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August 2009
I'm back from vacation. Actually, I got back a few days ago, but I promptly came down with a case of the flu, which I probably picked up on the plane, and that took me out of action for a few days. Coincidentally, the book I read on the plane was The Great Influenza by John Barry, about the flu pandemic of 1918. So it was with all those images of the gruesome ways flu victims died in 1918 fresh in my mind, that I first noticed flu symptoms developing in myself. Thankfully, I seem to now be over the worst of it, though I felt like crap for several days.

I didn't get a chance to see anything particularly hoax-related on my tour through the southern states. The one oddity I made my wife take a detour to see was the Gay Dolphin Gift Store in Myrtle Beach, South Carolina. From what I had read, the store was supposed to be full of all kinds of strange novelties, like feejee mermaids. But I was very disappointed. It was just row after row of junk, like seashells, keyrings, and tacky postcards. I recommend skipping it if you're ever in Myrtle Beach. In fact, I'd recommend skipping Myrtle Beach entirely.
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Posted by Alex on Mon Aug 31, 2009
Comments (8)
Just a quick note to say that I haven't dropped off the face of the earth. Been busy finishing a bunch of projects before I start work on a new book. And now I'm on a two week vacation, driving through Georgia, South Carolina, North Carolina, and Virginia. Here's a picture of me visiting the Otis Redding "sitting on the dock of the bay" statue in Macon, Georgia.
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Posted by Alex on Mon Aug 17, 2009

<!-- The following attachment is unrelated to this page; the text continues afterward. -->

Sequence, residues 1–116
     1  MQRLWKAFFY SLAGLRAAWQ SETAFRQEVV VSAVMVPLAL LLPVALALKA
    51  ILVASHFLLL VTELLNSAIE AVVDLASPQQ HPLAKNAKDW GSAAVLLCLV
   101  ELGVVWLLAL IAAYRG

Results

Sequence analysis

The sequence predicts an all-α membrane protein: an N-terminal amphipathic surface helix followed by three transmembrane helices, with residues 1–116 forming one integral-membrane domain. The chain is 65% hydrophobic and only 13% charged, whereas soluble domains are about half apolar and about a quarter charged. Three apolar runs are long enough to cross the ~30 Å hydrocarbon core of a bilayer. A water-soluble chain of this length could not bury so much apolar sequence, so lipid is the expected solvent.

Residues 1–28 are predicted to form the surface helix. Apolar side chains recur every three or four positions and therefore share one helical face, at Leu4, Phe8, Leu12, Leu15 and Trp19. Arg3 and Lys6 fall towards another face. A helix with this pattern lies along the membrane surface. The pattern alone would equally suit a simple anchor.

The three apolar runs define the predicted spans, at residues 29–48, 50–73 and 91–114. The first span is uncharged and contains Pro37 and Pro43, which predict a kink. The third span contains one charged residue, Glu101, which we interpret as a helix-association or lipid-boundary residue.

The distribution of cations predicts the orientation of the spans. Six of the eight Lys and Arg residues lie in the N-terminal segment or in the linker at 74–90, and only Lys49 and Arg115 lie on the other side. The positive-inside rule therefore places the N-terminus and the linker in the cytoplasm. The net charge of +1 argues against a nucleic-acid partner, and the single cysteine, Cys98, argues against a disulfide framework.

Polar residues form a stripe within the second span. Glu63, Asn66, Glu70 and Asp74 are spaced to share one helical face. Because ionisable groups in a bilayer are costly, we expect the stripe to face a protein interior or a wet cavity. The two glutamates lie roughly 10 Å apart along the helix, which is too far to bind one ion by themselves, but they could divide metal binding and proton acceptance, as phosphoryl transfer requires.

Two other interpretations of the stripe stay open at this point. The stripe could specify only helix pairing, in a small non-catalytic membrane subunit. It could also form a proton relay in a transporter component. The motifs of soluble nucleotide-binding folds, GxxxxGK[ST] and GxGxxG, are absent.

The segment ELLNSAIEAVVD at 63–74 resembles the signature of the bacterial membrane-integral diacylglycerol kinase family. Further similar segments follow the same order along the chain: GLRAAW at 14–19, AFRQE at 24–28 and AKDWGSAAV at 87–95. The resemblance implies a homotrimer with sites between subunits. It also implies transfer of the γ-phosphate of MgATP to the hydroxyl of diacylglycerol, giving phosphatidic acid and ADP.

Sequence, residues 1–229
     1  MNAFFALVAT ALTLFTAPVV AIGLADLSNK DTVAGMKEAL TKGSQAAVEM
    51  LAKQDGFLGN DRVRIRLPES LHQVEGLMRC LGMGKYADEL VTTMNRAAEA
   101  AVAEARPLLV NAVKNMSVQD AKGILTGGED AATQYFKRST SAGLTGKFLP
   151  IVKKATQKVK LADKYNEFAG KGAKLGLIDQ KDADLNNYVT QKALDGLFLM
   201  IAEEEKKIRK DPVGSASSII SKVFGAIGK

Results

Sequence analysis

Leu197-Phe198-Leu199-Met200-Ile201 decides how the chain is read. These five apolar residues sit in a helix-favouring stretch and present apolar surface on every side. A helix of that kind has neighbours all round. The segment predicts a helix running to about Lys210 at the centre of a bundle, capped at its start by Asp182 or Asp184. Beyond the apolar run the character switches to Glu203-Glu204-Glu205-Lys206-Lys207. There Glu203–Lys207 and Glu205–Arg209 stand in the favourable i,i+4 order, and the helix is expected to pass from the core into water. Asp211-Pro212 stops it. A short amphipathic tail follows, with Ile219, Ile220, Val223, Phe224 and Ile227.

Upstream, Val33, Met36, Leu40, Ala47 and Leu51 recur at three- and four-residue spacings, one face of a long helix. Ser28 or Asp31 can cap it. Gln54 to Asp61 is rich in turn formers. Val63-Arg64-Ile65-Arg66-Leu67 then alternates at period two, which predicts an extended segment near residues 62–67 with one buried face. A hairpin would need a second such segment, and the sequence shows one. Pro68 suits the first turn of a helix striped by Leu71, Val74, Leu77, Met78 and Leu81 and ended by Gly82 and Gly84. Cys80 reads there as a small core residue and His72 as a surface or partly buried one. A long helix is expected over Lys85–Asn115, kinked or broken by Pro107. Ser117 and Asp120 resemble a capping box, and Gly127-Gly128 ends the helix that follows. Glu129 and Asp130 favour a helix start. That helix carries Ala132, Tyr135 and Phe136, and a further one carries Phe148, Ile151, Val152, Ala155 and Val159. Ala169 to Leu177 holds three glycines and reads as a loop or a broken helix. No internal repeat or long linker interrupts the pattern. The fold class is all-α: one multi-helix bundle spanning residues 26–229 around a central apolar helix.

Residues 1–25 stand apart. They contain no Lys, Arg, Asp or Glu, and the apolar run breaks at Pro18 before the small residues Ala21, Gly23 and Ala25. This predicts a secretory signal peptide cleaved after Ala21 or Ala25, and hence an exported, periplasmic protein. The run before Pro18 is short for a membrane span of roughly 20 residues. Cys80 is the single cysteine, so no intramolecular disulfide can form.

Comments (14)
I think the trend toward hyper-realism in dolls started in the 1970s with the introduction of Kenner's "Baby Alive" doll which ate, drank, and wet its diapers.

The latest evolution of the trend is Baby Glutton, the breastfeeding doll. According to thingamababy.com: "Your child wears a colorful bra-like halter-top featuring flowers over the nipple area. When the doll is lifted to the flowers, it makes a suckling motion and sound." A little too realistic, perhaps?

More links: berjuan.com (maker of the doll), nj.com.
(Thanks, Bob!)
Categories: Birth/Babies
Posted by Alex on Tue Aug 04, 2009
Comments (28)
The Birther movement has progressed from claiming that other people are involved in an elaborate hoax, to promoting a hoax of its own. The leader of the Birthers, Orly Taitz, has produced what she claims is a birth certificate proving that Obama was born in Kenya.

Debunking of the document has already begun. For instance, skeptics note that "Kenya was a Dominion the date this certificate was allegedly issued and would not become a republic for 8 months."

Also, the name of the registrar listed on the document is "E.F. Lavender." Maybe this is someone's real name, but it also seems to be the name of a type of detergent (Earth Friendly Lavender).

But all that analysis isn't really necessary, because the first thing a document expert would ask is what is the provenance of the document. i.e. Where did it come from? As far as I can tell, the document came from someone called Ed Hale who, in turn, said he paid a woman named Shirley $1000 for it. That doesn't seem like a very reliable source.
Categories: Politics
Posted by Alex on Tue Aug 04, 2009
Comments (31)